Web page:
Avocados are berries which have a pear shape. They may also be known as butter fruits or alligator pears due to the scaly or leathery appearance many varieties of avocados have. It is believed that avocados were first cultivated by humans around 8000 BC in South and Central America. Mexico is currently the largest producer of these fruits, with Brazil, the United States and Columbia following.
Many varieties of avocados begin a dark green color and turn black as they ripen. The flesh of the avocado is a yellowish-green, has a buttery consistency and a nutty flavor. Hass, one of the most popular forms of avocados, typically have brown or blackish skin. Fuerte avocados have a smoother dark green skin and are larger than the Hass. Zutano and Bacon varieties are also available, though they are less common.
Avocados contain several valuable nutrients such as vitamins A, B6, C, E and K. They also contain high amounts of calcium, copper, foliate, magnesium and potassium along with plenty of fiber. Avocados have a high fat content, with fat accounting for 70-80 percent of the calories of the fruit. However, as much as two thirds of this fat is mono-unsaturated, a type of fat that is beneficial to your overall health.
Can We Eat Brown Avocados?
An avocado turns brown because it has been handled harshly and has become bruised. This causes the inside and outside to take on a brownish hue. When you cut an avocado this will expose the flesh to oxygen. As the flesh oxidizes it will start to brown as well. If your avocado is slightly browned you can still eat it, but the flavor may be bitterer than a fresher avocado would be. However, if your avocado's flesh has become very dark or the flesh has become stringy you should avoid eating it, particularly if there is any sign of mold. Avocados have a very high fat content, so they oxidize and become rancid very quickly at room temperature and will need to be thrown away.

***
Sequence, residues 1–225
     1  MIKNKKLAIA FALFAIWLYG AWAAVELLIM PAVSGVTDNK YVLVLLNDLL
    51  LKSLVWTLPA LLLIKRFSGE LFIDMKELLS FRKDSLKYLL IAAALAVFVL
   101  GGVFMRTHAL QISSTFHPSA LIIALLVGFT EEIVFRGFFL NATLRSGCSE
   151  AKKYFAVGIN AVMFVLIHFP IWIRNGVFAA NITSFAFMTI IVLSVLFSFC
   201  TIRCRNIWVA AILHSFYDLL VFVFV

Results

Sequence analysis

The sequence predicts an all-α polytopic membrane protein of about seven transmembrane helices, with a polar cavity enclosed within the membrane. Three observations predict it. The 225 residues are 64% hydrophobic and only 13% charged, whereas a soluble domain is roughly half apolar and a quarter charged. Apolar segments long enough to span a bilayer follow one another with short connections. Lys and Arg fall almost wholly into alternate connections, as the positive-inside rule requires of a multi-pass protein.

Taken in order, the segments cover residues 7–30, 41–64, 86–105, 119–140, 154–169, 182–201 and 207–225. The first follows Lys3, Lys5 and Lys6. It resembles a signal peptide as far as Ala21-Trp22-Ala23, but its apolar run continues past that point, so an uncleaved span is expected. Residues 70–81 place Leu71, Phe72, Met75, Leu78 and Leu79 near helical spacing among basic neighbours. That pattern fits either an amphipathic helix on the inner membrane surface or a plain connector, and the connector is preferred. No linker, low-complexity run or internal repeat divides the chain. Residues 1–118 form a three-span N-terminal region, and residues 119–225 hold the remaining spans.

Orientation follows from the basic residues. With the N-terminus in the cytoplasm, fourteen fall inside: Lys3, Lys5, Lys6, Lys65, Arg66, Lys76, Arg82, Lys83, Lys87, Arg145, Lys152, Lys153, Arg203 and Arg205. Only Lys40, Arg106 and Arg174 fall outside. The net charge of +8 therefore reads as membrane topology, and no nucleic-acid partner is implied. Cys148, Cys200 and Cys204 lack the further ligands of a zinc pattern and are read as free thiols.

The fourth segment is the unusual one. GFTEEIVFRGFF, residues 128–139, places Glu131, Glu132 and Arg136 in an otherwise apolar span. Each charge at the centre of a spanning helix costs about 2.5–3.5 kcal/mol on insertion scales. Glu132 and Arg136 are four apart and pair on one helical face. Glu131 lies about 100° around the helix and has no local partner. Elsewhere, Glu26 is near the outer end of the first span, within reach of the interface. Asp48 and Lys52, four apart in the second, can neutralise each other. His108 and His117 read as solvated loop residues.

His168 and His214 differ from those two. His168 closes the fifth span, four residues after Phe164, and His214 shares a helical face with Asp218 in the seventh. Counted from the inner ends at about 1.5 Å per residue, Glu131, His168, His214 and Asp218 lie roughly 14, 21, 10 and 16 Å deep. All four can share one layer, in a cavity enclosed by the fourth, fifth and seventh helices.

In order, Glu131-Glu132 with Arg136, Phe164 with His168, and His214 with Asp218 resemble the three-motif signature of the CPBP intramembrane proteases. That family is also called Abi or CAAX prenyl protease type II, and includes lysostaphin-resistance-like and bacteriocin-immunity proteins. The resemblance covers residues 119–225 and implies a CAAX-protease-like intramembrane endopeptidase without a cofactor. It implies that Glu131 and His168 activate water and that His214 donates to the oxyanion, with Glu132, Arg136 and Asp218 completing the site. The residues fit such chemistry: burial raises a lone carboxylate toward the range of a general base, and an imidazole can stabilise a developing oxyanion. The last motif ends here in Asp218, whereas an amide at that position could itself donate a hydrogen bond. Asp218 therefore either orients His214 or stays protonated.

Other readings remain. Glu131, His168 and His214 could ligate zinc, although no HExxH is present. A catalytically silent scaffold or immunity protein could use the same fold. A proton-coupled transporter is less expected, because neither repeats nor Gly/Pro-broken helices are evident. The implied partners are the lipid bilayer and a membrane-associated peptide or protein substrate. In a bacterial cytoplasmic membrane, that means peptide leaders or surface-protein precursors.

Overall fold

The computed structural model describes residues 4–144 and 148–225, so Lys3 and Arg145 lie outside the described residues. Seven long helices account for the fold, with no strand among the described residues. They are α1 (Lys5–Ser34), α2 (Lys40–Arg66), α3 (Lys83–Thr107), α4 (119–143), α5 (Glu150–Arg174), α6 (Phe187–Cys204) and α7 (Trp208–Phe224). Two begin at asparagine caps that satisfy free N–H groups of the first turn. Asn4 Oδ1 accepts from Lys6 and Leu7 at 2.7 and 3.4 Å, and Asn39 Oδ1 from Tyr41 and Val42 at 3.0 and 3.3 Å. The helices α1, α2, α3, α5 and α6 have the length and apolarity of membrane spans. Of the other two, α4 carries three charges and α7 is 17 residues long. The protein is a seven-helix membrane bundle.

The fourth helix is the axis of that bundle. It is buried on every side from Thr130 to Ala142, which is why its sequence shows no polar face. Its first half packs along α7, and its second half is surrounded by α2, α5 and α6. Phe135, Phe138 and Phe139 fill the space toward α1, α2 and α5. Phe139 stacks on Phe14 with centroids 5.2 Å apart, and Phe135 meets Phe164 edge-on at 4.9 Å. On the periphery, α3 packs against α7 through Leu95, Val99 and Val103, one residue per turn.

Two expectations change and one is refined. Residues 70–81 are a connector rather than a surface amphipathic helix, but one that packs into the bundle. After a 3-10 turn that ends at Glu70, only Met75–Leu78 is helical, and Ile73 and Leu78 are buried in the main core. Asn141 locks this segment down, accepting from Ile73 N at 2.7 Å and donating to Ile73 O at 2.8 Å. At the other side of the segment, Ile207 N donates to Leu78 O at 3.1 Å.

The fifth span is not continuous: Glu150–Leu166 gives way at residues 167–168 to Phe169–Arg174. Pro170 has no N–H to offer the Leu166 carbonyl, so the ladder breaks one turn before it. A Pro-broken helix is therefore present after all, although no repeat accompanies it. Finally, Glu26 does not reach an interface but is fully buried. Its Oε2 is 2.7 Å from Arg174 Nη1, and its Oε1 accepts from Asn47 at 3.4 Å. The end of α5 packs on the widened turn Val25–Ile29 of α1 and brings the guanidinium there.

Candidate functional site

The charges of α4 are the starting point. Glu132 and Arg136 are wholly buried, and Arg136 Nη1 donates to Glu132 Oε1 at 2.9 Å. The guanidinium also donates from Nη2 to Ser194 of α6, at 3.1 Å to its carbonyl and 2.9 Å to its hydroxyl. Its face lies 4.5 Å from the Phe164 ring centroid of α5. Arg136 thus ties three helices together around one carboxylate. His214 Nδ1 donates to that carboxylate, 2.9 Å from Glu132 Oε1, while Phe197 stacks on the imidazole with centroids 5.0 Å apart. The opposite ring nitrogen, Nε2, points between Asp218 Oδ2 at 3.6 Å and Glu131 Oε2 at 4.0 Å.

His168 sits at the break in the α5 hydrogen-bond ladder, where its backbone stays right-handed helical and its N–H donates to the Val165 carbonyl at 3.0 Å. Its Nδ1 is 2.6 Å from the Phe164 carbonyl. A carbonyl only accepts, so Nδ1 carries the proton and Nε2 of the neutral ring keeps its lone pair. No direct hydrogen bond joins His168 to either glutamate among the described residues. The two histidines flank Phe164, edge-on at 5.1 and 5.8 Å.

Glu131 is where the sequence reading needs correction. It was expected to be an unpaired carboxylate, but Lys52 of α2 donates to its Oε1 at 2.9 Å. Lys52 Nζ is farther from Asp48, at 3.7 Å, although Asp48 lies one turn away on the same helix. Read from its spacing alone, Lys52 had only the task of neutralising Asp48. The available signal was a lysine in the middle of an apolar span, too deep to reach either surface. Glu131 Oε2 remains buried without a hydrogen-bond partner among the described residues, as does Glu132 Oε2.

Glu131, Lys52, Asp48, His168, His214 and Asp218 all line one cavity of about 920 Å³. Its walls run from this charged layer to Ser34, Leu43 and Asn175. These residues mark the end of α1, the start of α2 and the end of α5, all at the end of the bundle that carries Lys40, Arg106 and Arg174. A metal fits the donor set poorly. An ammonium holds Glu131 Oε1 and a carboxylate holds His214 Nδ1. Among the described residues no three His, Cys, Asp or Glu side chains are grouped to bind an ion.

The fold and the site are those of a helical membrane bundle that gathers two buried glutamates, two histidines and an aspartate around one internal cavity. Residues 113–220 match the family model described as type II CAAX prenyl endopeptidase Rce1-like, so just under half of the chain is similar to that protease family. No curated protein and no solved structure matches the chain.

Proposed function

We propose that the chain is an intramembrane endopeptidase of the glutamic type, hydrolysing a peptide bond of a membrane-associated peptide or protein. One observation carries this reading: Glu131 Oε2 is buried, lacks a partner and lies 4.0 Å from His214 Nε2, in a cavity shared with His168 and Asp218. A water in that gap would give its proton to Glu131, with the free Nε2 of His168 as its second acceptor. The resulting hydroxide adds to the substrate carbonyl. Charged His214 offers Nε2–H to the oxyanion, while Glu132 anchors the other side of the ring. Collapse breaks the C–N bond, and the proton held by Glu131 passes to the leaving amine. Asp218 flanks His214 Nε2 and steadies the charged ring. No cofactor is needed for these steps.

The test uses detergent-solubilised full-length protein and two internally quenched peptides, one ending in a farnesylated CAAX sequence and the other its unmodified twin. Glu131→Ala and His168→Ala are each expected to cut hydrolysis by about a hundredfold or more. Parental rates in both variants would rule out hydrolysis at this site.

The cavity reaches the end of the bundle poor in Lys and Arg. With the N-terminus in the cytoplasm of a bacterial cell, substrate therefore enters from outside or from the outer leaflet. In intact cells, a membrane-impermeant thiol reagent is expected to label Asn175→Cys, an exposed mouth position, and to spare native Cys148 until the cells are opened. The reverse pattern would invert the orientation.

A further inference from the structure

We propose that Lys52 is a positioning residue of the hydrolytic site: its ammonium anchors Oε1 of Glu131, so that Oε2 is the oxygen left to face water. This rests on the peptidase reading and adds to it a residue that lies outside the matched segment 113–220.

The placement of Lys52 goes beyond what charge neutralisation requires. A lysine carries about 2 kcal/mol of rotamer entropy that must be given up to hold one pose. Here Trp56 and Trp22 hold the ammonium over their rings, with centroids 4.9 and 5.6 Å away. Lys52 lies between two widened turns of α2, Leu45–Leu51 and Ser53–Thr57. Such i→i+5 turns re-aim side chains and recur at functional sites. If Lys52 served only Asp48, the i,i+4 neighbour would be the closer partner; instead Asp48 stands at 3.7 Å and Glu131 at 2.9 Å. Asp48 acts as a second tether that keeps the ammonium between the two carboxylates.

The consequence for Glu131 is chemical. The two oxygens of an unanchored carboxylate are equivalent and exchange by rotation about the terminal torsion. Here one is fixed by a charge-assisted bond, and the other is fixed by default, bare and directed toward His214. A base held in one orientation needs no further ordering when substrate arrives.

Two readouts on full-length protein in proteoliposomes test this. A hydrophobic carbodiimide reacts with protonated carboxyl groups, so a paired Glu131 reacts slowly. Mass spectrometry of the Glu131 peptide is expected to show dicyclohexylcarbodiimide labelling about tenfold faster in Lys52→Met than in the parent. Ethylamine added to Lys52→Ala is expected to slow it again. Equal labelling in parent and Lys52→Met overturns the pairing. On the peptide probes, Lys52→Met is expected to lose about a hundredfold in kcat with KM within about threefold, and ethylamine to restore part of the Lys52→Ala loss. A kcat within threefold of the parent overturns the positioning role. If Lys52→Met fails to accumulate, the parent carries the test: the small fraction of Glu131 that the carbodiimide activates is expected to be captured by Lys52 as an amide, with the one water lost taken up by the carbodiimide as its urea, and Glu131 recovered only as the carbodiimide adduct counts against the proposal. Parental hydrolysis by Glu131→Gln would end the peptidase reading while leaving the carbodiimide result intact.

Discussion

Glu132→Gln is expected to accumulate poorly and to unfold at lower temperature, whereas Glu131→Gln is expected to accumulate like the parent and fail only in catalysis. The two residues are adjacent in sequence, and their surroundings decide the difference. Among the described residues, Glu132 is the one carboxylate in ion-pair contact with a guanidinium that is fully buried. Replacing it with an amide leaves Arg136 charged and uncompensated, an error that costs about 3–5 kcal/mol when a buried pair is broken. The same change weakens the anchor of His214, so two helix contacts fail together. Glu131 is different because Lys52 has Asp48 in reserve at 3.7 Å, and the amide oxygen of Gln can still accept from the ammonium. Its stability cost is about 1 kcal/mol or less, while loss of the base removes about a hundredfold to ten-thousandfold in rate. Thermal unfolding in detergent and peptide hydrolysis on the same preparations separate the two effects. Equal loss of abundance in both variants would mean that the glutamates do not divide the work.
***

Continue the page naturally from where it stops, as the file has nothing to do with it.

How to Keep Fresh Avocados from Turning Brown
In general, reducing the avocado's exposure to the air will help you keep it fresh for a longer period of time.
- Pit Method- People are often recommended to leave the pit in the avocado to keep the flesh from turning brown. Many will place the pit in a dish that contains avocado like guacamole to keep it from turning brown as well. In general, it is found that avocado flesh that remains in contact with the pit will stay green. It usually takes around 6 hours for an avocado to start turning brown at room temperature because it hasn't been exposed to much oxygen yet. So, in most cases, covering your dip with plastic wrap or a tight lid is more likely to keep your avocado fresh rather than placing the pit in the mixture.
- Citrus Method- The presence of acid can keep avocados fresh so it will not turn brown. If you have half an avocado, rubbing some lime or lemon juice on the flesh and placing it in a bag will help keep it from turning brown. If you make a point of take out as much air as possible from the bag it can stay in your refrigerator for as much as 2 days. Some flesh may be discolored after this time period, but it can easily be removed. If you are trying to protect pieces of avocado, add a half teaspoon of lemon juice for every avocado and wrap it tightly in plastic wrap, allowing the plastic wrap to come in contact with the avocado flesh to help prevent oxidation.
- Water Method- Cold water can also protect an avocado from turning brown. Restaurants will frequently place avocados in ice water to keep them fresh when they are prepping ingredients in advance. As soon as you cut your avocado, place it in ice water and it will stay green for as much as 4 hours. You can also rinse your avocado in cold water to delay the browning process. This will help keep the oxygen out of the avocado so they will stay fresher longer.